I am of the opinion that much more could have been done on the part of the NDC administration in trying to attract foreign direct investment into the country. The world economic crisis and the country’s experience with crooks and con men during the NNP administration of 1995-2008, however, were like a ‘ghost and ‘nightmare’ in the minds of the prime minister and his cabinet. The NDC administration proceeded with caution, to the dismay of many interests that wanted to see more aggressive actions.
The local Chamber of Commerce in particular demanded much more from government at a time when the country was under real economic stress.
Government’s own experiences with Sewang One World also may have led to greater trepidation and skepticism on their path. Despite that the NDC was able to sign many agreements and memoranda of understanding for very credible projects, including the teaching hospital with the St Georges University, the Open Campus with the University of the West Indies and the construction of a five-star, 100-room hotel, among others.
For four and a half years there was no period of accountability and transparency on the part of government. Corruption in government was reduced to a trickle. The electorate, who for thirteen years were fed on a diet of instance gratification, media sensationalism and in many cases handouts, didn’t have the patience to ride through the economic recession and see these projects come into fruition. They hastily voted the NDC out of office.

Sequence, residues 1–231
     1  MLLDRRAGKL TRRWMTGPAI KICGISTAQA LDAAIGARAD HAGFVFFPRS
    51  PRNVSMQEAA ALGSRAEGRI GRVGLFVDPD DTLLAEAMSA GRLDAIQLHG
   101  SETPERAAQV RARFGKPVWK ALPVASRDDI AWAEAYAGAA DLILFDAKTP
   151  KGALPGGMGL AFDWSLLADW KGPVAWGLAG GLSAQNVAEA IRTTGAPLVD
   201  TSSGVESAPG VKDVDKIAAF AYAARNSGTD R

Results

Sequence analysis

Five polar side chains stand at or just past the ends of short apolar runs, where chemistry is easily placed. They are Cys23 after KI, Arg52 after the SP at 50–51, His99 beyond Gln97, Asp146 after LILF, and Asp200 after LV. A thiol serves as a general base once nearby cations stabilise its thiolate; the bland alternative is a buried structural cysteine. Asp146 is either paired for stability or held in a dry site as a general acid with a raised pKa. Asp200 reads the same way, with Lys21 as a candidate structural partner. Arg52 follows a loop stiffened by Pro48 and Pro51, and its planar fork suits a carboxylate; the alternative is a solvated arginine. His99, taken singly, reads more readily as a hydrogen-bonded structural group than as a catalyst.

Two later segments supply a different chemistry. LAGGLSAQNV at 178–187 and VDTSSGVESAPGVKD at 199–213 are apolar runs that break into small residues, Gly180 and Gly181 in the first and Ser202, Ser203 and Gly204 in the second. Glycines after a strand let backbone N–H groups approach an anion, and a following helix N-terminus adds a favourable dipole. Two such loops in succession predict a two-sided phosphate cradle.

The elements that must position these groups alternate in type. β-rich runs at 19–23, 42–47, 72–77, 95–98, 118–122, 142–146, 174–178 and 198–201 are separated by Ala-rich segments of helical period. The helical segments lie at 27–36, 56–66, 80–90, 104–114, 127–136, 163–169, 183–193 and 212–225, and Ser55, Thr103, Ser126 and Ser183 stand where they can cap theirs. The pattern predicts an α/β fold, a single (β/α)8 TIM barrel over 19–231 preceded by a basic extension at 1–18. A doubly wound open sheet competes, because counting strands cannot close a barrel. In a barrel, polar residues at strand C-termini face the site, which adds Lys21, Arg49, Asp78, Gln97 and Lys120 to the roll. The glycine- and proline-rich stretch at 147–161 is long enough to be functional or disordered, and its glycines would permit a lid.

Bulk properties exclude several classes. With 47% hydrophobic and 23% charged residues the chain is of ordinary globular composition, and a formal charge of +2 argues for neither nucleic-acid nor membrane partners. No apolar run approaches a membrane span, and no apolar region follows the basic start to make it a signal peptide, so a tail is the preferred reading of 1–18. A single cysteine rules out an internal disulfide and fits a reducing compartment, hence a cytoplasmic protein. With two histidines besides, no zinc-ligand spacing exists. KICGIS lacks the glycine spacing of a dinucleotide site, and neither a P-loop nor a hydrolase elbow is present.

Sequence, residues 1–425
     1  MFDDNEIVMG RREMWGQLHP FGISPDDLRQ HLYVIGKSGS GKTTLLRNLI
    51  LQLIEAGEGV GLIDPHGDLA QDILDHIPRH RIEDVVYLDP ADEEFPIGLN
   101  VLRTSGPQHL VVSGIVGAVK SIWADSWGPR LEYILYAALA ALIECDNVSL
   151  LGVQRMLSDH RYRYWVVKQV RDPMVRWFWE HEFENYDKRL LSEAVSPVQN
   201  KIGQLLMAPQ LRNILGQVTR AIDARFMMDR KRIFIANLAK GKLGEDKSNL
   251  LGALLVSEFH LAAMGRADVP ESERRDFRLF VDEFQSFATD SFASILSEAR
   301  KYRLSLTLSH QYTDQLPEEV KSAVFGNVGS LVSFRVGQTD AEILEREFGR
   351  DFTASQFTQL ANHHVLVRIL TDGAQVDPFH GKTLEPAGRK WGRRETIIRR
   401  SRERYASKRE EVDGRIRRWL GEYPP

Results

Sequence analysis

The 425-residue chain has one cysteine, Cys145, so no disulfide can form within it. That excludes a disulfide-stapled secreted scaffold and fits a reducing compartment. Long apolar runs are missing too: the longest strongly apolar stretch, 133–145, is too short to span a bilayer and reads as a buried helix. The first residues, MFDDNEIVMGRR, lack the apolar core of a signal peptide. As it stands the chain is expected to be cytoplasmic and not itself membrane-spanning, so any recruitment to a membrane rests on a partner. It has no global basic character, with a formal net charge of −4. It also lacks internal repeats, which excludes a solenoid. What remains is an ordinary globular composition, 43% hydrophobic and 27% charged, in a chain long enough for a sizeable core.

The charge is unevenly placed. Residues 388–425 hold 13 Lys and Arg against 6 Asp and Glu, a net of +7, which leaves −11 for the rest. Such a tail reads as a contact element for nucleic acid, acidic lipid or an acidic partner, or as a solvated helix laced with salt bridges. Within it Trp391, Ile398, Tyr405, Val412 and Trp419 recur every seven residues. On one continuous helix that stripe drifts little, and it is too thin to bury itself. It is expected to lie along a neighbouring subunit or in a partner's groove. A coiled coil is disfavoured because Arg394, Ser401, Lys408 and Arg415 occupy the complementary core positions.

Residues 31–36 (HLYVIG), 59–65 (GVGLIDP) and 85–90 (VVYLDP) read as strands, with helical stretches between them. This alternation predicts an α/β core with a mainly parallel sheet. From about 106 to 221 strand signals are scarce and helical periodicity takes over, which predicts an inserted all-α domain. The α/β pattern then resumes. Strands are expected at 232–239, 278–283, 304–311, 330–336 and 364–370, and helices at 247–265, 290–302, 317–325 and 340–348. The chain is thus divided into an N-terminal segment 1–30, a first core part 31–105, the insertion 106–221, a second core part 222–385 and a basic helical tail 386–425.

While the NDC has to take some blame for creating some doubt in the mind of the people, our electorate should have display a greater level of maturity by looking at the bigger picture. One hundred days after electing a new administration into office with an overwhelming majority, the electorate is being told to have some patience, after they have been fooled into believing an economic miracle with a change of government. The same electorate who were told that the problem is the NDC and the minister of finance are now asked to demonstrate some patience. Things are worse than what was anticipated. The foreign investors will come. Hold on, things will get worse before they get better.
All indications are the country may have to enter an arrangement with the IMF. The prime minister indicated this on a recent visit to Trinidad and Tobago. The IMF is a private sector friendly organisation and may be an arrangement with this financial institution may result in greater foreign direct investment and public sector reform. The government of Grenada seems to lack the option of borrowing, based on the fact that (a) the national debt is too high; and (b) nobody seems to have the confidence in providing loans to it. The IMF may be the only viable option left In the quest to attract foreign investors and the NNP administration must exercise due diligence.
The re-introduction of the citizenship by investment program must be carefully managed so that our country won’t be blacklisted again or give the Canadian government an excuse to harden its position on our citizens having to obtain a visa to visit that country.